Thirdly, I make liberal use of the multi-account containers to isolate almost each and every website that I regularly visit. Result is a clean browsing experience with no contimination.

    Lastly, I have NoScript and a variety of other add-ins, which ensures that none of the advertising companies every have their scripts running. Again, my browsing experience is like no one elses. And there are some sites that I simply cannot view. I leave them be and don’t visit them.

    1. jimmf

      Firefox, adblock plus, no script are essential, but too many of us overlook DNS (sorry phone users). I started with and had quite a few such entries until I found MVPS HOSTS at This is a great block list for me so far. With these tools my use of the Internet is mostly Ad free. Without them, like on my phone, the Internet is mostly unusable.

      1. Clay_T

        I agree with all, except AdBlock Plus.
        ABP sold out to big advertising many years ago.

        uBlock Origin is still true to the cause, plus it works with Firefox mobile.
        uBO’s ‘Block Element…’ context feature is sweet for cleaning clutter off pages.
        (ymmv. not affiliated. yada yada…)

        [I have blocking disabled on this site. Thanks Brian!]

  6. chrissuperpogi

    This is sad.
    There are a lot of people who use FB to socialize given that this pandemic is not giving us a lot of options. Plus, our local businesses depend on that same network to (hopefully) thrive in this economy.
    Hope something could be done…

    1. gov_lover

      Its not the pandemic, its the government crackdowns and restrictions on your individual rights. But remember, if you beg to be spied on, tracked, locked down, monitored, etc., thats what you will get. And you will claim I’m a right wing extremist because I don’t want to live in George Orwell’s 1984. You will wake up in a nightmare and wonder how it happened, but you need only to look in a mirror.

  7. Jason

    I wonder what ransomware groups would do to get payment if cryptocurrency was impossible for a business to acquire. I’m guessing most other forms of payment would be easier to track and recover, meaning much less profit and far far far greater risk.

    Might put at least some of them out of business,, or make them less effective (fewer resources to adapt to advances in detection etc), and maybe even move ransomware from top tier risk to something only security professionals think about.

    Then again there are so many rich folks and governments profiting off it, cryptocurrency will be here to stay… As will ransomware.. at least that’s my guess.

    1. Joe

      In the days before cyber currency the most common way to collect the ransom was via a series of wire transfer transactions that bounced between various bank accounts and countries instantly until the money was virtually impossible to trace. Eliminating cyber currency wouldn’t reduce ransom ware attacks.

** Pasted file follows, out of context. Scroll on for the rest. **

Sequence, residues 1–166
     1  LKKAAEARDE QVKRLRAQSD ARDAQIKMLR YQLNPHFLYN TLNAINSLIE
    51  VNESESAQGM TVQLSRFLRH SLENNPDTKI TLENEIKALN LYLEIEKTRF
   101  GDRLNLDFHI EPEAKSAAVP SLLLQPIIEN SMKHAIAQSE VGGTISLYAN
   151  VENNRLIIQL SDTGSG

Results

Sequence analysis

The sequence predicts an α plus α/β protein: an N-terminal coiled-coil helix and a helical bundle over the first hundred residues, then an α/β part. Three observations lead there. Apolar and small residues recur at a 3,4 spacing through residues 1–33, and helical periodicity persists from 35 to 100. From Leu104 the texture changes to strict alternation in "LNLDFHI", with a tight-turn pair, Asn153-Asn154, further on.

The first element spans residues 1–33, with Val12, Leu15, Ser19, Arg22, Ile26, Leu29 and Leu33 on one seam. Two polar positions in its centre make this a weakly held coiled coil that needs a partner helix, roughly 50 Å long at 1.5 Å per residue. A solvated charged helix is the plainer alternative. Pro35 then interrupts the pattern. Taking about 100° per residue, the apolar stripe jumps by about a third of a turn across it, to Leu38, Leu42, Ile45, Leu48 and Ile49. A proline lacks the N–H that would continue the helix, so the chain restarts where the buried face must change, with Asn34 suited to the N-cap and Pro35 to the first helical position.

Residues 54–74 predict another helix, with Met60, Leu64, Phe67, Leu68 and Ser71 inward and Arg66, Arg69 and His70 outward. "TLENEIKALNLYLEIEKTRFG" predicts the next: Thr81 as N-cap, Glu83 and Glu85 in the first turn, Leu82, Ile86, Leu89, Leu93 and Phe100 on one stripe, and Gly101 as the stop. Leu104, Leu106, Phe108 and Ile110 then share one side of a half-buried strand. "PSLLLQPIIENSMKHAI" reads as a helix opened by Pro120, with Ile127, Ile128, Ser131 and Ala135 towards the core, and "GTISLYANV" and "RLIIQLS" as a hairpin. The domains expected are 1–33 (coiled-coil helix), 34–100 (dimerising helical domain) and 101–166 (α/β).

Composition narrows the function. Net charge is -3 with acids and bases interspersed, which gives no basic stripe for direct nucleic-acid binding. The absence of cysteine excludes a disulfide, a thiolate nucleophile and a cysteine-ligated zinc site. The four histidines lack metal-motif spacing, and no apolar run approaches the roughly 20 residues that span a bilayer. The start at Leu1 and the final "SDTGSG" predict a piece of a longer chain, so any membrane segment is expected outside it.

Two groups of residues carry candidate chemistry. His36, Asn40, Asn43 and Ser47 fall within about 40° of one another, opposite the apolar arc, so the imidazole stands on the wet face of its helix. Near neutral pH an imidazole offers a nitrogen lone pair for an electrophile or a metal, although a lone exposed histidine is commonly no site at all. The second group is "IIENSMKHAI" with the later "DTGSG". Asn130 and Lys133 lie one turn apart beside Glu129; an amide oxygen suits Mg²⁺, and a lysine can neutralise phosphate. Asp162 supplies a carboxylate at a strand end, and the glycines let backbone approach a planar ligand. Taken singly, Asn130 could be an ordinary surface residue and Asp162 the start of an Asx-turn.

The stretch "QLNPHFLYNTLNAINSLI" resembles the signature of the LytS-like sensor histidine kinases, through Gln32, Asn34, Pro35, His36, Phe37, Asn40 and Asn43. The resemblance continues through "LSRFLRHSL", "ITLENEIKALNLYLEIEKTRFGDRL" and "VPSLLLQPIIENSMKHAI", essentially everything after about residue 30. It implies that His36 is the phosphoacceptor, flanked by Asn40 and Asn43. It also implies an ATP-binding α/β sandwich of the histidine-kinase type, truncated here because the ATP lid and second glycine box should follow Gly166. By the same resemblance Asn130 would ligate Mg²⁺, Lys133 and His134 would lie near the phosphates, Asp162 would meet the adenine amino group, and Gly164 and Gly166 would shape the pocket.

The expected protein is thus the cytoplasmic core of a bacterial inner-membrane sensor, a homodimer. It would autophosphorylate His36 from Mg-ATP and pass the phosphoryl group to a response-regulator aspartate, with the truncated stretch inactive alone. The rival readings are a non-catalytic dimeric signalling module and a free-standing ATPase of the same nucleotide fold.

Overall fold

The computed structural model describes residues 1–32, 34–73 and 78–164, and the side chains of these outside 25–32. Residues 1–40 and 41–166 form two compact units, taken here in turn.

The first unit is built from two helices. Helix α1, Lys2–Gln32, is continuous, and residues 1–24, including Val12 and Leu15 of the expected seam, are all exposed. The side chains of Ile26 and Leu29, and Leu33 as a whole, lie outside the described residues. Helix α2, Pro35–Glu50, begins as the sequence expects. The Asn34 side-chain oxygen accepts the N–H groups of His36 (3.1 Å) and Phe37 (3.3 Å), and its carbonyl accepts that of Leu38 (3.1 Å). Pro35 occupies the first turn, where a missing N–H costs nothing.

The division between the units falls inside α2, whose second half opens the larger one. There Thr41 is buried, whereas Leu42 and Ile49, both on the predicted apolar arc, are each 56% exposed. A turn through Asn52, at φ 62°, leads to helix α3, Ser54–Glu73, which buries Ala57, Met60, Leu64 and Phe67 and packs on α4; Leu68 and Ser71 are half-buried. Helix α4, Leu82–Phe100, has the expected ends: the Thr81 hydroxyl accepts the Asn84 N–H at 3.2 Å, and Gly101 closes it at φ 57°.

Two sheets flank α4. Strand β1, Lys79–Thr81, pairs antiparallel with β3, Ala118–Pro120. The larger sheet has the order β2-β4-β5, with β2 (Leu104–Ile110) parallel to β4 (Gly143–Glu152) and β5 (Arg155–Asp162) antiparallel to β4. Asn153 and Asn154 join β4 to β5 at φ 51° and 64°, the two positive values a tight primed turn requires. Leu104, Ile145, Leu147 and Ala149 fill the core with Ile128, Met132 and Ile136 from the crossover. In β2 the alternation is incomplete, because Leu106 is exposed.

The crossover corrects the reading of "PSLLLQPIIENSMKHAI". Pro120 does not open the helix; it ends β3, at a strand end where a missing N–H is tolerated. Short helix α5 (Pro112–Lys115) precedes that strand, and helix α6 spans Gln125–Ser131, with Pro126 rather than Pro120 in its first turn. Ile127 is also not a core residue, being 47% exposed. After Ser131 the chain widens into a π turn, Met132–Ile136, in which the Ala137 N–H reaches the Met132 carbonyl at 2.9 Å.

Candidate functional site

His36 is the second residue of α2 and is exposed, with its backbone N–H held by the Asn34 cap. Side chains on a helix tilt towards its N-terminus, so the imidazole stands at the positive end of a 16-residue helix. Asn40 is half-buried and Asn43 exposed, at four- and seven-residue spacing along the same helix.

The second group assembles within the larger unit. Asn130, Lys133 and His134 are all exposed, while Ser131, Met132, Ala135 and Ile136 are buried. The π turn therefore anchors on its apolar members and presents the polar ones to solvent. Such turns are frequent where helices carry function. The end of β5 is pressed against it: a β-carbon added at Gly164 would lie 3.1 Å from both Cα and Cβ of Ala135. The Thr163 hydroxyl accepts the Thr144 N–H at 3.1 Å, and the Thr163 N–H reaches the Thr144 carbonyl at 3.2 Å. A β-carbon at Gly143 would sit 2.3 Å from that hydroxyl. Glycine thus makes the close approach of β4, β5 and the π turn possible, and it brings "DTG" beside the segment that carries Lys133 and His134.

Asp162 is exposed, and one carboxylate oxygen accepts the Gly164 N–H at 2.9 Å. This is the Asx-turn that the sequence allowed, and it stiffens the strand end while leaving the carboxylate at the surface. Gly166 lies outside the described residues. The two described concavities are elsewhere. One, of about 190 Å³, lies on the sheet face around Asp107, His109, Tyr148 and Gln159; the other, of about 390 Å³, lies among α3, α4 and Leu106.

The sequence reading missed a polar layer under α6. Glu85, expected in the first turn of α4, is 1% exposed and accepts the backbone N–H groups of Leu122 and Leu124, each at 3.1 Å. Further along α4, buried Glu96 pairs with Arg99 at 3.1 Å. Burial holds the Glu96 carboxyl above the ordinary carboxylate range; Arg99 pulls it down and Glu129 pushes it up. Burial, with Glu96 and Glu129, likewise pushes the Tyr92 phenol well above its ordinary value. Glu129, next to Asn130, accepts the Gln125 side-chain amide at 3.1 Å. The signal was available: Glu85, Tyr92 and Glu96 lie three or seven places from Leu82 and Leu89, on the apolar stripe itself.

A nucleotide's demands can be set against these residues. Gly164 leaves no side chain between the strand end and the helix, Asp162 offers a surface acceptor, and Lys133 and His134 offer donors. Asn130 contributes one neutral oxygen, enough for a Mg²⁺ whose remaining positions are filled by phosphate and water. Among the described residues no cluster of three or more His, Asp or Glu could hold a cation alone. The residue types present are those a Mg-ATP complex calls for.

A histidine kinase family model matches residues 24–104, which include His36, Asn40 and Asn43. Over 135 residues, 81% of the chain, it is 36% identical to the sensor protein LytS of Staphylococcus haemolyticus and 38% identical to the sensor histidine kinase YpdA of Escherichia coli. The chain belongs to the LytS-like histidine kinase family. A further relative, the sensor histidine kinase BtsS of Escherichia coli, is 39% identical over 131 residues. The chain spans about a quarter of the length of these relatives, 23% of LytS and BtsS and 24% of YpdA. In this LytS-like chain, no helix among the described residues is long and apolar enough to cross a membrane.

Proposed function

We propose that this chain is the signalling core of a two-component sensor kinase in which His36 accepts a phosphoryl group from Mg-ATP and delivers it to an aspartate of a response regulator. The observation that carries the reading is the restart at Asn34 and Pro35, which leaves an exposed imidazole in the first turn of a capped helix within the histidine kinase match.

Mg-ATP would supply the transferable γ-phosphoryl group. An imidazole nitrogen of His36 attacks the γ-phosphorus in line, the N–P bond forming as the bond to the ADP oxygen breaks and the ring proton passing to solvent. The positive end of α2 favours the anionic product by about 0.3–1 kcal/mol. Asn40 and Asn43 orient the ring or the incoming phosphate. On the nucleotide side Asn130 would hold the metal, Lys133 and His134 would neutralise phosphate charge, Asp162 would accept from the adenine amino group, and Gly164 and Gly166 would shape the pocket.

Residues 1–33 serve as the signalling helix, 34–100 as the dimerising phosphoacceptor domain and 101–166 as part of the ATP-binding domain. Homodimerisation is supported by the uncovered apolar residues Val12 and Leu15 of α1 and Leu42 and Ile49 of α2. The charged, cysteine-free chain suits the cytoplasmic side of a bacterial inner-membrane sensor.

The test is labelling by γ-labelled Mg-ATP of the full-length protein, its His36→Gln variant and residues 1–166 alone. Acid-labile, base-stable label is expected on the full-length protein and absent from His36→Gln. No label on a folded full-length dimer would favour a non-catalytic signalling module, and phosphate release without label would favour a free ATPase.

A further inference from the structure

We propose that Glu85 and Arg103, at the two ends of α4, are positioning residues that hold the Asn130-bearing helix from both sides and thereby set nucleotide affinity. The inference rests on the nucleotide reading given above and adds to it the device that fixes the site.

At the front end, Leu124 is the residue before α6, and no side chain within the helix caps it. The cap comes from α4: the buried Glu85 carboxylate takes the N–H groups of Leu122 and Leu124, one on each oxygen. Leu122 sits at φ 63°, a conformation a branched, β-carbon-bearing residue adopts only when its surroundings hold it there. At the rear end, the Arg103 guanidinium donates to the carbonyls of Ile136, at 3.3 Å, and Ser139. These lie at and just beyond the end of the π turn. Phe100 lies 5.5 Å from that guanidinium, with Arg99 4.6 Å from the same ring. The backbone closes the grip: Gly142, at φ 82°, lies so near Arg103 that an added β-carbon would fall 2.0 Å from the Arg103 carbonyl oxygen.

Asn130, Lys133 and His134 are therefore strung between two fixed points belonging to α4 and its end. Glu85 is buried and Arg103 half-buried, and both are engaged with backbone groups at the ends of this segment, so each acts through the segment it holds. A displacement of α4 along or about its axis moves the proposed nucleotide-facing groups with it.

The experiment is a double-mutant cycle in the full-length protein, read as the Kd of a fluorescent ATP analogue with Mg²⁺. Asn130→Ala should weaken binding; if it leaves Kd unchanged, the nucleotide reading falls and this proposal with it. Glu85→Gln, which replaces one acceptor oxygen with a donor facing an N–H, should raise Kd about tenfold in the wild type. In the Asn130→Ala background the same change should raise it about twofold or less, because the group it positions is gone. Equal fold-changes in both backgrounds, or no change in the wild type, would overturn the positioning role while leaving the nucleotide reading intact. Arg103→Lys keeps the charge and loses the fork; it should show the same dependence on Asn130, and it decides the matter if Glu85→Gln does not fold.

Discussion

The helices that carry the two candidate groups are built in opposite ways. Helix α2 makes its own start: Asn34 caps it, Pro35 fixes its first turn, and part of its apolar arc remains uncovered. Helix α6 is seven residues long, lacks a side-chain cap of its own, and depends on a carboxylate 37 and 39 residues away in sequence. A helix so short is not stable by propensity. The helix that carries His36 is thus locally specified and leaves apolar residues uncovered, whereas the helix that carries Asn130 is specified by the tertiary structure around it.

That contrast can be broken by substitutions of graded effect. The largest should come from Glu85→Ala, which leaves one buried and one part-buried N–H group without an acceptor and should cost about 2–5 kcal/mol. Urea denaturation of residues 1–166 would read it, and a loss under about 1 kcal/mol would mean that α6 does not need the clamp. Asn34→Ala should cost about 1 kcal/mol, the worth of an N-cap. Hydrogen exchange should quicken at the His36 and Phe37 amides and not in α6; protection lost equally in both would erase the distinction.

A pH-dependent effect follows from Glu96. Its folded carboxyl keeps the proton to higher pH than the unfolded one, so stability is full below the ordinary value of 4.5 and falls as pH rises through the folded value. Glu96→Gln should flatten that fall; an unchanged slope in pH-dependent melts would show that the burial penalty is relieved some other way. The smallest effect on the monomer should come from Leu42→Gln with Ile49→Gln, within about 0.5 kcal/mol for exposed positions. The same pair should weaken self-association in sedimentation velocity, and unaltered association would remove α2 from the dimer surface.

It’s time to stop supporting anyone that is censoring content. That means, for the most part, I won’t visit or support any of the big tech firms, until they practice supporting our US constitution, rather than trying to abolish or substantially change it. The Bill of rights… all of it, was fought for, and well thought out. All those in power took an oath to defend it. Instead, they took the oath and then set out and seek to destroy it — their words, not mine.

    (I’m a regular reader, but I’m obscuring my ID, at least for now… so I’m not targeted.) I’ve been boycotting FB for over a year. Twitter?? (Waste of time, anyway.) But, there may be some new alternatives coming… maybe. Google? OK, they can monitor me for now, no matter what I do. But, I do not use their search anymore. If I do, it is on an incognito screen, often with VPN. Amazon?? Yeah, I will find another way to buy books if possible. If I can, I’ll support anyone other than Amazon. Boycotting selling books they don’t agree with?? Fake news from their newspaper, the Post?? I’ve had enough. We need another tea party and throw the tech giants over the side, until and unless they fully practice, and don’t just talk about free speech.

    The USSC has only one job… to interpret and apply the existing constitution. There’s only two reasons why you’d want to replace our existing court.
    — 1. They are incompetent or not supporting their oath to uphold the existing constitution.
    — 2. Or, you are replacing them because you want them to ignore the existing constitution, and either rewrite it, or ignore what it says.

    “Packing” or adding many more justices… This means, diluting what’s there, until what they were doing, is now irrelevant. That’s similar to what I do when I change the oil in my car. I don’t “change every drop”, I just dilute the “bad”, and add more “good oil”. This is how you can “become or control the court”, and subvert it’s purpose that I don’t like. If so, why support or call it a constitution??

    1. (TLDR)

      You are crazy. You do not have writing rights on all possible hosts.
      You will follow EULA’s and TOS, or you will be gone. Period.

      If you’re only NOW boycotting FB for ‘over a year’ over DT politics?
      Then you’re a simpleton, thus explaining your rant completely.

    2. Belli H

      Every young kid I know (from my own children up to children across the extended family, and from volunteering at several grade K1-12 grade levels) all swear up and down that they don’t use Facebook, never have, never will.

      Then the very next words out of their mouths are: “We use Instagram” ” or “We use WhatsApp” when we communicate with our friends. I shake my head, start laughing, inside, of course, and just respond: “That’s great.”

      And then I go home and enter orders to buy more FB stock on every pullback that I can when I have some spare scratch lying around.

      If FB ever stops being mentioned by society as the ‘great evil’, or being covered in an ancillary way by authors like Brian, or from people writing attacks and rants on Facebook, or whatever, I will sell all of the FB I’ve bought over the past decade. I will then move it on to the next flavor of the times that is the new evil.